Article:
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Goals

A particular goal of the COST action CODECS is to facilitate or enhance the interoperability of different quantum chemical programs to extend the range of spectroscopic applications that can be targeted.

Important aspects of this goal are:

Meta-Programs for Enhanced Functionality of Quantum Chemistry Codes

Several more specialized types of spectroscopic applications are not available as standard features in quantum chemistry software. Often, however, Quantum Chemistry groups have found smart solutions to work around such limitations.

As an example for vibrational spectroscopy, consider the calculation of the Hessian for a large molecular system. While most electronic-structure codes provide the possibility to do this without invoking external software, it may be advantageous to employ meta-programs such as SNF for improved parallelization or exploiting point-group symmetries not supported in your favorite electronic-structure code.

SNF also provides the possibility of a mode-wise calculation of intensities for vibrational spectra after an initial frequency analysis. In this way, the computational cost of Raman spectra calculations can considerably be reduced.

Also additional algorithmic features may be accessible through external programs, such as the optimization of selective Hessian eigenvectors (i.e., normal modes) within the so-called mode-tracking approach. This approach is implemented, e.g., in the program AKIRA, which is a meta-program that currently supports the electronic-structure codes DALTON, TURBOMOLE, ADF, and GAUSSIAN.

MoViPac unites the newest versions of both SNF and Akira alongside with a range of helpful add-ons to analyze and interpret the data obtained in the calculations. With its efficient parallelization scheme and meta-program design, it is particularly suited for the calculation of vibrational spectra of very large molecules.

Interfaces Connecting Several Quantum Chemistry Codes

One of the current efforts of COST-CODECS is to provide interface programs connecting several Quantum Chemistry packages. One example of such a tool is the PyADF scripting framework.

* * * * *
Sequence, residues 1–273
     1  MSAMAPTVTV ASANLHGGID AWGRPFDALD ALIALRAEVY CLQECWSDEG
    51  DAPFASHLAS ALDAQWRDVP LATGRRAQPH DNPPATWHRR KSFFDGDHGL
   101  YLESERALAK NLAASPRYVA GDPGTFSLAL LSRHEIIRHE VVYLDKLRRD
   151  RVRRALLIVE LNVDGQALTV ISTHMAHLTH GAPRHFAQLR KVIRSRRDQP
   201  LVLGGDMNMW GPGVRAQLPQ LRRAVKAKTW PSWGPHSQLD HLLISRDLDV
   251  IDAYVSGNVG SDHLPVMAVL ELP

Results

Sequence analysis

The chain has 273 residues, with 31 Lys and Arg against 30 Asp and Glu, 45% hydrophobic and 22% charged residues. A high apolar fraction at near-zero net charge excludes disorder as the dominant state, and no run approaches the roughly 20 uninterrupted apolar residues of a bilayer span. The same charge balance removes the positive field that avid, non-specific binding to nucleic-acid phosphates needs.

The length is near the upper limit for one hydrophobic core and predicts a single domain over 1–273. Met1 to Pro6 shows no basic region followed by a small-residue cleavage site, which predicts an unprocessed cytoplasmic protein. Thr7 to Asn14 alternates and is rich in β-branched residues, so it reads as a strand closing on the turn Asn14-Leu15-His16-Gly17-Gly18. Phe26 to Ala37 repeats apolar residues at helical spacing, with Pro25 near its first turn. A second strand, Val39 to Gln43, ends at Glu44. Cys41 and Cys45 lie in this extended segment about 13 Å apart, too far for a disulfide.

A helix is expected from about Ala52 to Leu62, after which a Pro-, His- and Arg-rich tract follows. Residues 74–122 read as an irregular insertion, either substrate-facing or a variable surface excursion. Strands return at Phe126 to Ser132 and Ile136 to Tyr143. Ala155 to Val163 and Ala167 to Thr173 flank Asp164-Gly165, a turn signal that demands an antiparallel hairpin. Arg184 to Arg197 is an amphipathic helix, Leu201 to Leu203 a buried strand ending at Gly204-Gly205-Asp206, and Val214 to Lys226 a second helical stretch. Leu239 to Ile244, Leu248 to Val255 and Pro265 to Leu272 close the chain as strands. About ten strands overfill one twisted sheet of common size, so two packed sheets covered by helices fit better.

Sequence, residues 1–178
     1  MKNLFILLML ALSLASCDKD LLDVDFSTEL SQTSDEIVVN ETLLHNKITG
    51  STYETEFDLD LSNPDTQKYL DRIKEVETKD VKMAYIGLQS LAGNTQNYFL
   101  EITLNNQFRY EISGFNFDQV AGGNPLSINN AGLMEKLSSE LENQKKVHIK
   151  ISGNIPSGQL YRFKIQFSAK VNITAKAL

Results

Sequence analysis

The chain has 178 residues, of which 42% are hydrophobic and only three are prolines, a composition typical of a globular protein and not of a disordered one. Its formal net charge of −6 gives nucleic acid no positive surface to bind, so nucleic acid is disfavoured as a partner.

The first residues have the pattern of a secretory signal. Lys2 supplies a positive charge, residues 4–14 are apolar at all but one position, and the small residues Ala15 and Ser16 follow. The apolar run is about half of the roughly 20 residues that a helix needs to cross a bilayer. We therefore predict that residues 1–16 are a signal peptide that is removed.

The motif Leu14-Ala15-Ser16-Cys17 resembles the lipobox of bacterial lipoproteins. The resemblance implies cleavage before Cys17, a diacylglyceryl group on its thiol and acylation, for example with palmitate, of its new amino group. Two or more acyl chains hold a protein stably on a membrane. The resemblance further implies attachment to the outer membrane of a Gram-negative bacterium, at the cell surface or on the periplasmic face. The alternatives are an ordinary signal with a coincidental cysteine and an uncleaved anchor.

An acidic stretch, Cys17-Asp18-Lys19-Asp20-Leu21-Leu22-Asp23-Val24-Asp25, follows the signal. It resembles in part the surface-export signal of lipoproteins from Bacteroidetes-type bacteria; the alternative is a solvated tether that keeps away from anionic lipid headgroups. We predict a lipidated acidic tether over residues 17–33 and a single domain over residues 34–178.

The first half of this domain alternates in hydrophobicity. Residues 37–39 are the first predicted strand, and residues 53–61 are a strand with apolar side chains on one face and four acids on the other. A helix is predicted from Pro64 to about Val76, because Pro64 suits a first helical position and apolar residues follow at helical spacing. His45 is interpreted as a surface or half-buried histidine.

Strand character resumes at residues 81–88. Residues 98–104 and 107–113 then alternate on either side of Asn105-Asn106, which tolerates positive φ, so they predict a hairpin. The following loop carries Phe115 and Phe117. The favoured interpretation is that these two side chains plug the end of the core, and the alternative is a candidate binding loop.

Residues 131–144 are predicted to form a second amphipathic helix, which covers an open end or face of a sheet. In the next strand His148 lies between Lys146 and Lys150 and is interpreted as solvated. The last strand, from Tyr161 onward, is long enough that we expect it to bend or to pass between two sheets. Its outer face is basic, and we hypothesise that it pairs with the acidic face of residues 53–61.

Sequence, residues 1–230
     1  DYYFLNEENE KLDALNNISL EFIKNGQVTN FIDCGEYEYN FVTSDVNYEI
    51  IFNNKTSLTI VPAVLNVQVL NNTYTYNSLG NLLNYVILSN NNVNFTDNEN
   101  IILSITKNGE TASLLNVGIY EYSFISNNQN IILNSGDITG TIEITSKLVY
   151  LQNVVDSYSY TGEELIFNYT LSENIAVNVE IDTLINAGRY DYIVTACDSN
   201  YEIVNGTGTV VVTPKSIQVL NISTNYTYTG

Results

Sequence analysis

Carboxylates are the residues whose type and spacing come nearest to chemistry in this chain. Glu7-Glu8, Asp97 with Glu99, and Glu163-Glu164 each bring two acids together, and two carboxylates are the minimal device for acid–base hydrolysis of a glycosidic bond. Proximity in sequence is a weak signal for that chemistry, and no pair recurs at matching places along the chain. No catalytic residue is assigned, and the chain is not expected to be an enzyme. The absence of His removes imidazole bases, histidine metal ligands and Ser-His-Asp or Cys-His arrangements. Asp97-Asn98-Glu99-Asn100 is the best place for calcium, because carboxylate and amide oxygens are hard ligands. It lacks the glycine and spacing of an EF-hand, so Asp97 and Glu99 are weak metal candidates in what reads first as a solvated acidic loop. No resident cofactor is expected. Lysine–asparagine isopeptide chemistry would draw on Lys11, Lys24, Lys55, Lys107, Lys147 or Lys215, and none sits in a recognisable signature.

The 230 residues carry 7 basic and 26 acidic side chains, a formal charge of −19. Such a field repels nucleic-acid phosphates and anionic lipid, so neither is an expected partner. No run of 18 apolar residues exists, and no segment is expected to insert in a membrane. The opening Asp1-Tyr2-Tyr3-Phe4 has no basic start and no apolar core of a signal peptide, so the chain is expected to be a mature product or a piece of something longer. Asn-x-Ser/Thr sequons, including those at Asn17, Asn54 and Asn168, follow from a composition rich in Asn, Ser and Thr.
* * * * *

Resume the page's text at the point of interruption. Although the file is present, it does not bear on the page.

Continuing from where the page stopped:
PyADF provides the possibility to define quantum-chemical workflows, in particular for multiscale simulations. Such applications generally require many individual quantum-chemical calculations, and the results of one calculation often serves as input subsequent ones. Moreover, different program packages might be necessary for different parts of the same workflow.

PyADF handles all steps of such workflows: In particular, it generates input files, runs the different program packages, extracts the results of these calculations and is able to transfer them between different programs. PyADF currently works with the software packages ADF, DALTON, and DIRAC.

Common Data Formats for Quantum Chemistry

Multiscale simulations using different quantum-chemical methods and program packages, such as those made possible by PyADF require the exchange of data between these different programs. This step would be greatly simplified by the definition of common data formats for quantum chemistry.

An important step towards a such a common Quantum Chemistry data format was achieved with Q5cost. It defines data formats based on XML and HDF5 for storing and exchanging information defining quantum-chemical calculations (e.g., geometry and basis set information) as well as for their results (e.g., molecular orbital coefficients). To facilitate multiscale simulations, work on using Q5cost within different quantum-chemical programs is in progress. To this end, tools are being developed for converting data in the programs' native format to Q5cost within PyADF.

Moreover, by annotating the programs' output file with XML tags it becomes possible to extract results of calculations easily. So far, this work has focused on the Dirac and Dalton program packages to establish best-practice guidelines for other codes.

Quantum Chemistry Modules/Codes

Gen1Int is a Fortran 90 library (with Python interface) to evaluate the derivatives of one-electron integrals with respect to the geometry perturbation, external electric and magnetic fields, and total rotational angular momentum at zero fields with contracted rotational London atomic orbitals (LAO). Relevant literature: B.Gao, A.J.Thorvaldsen, and K.Ruud: IJQC 2011 vol. 111 (4) pp. 858-872

XCFun is Arbitrary-Order Exchange-Correlation Functional Library. Relevant literature: U.Ekström, L.Visscher, R.Bast, A.J.Thorvaldsen, and K.Ruud, JCTC 2010 vol. 6 (7) pp. 1971-1980

The Gauge-Including Magnetically Induced Currents (GIMIC) program calculates, visualizes and analyzes magnetically induced currents in molecules. The GIMIC code implements the theory outlined in J.Juselius, D.Sundholm and J.Gauss, Calculation of Current Densities using Gauge-Including Atomic Orbitals, JCP 2004 vol. 121 (9) pp. 3952-3963. GIMIC is currently interfaced to CFOUR and Turbomole.

Data analysis or supporting tools

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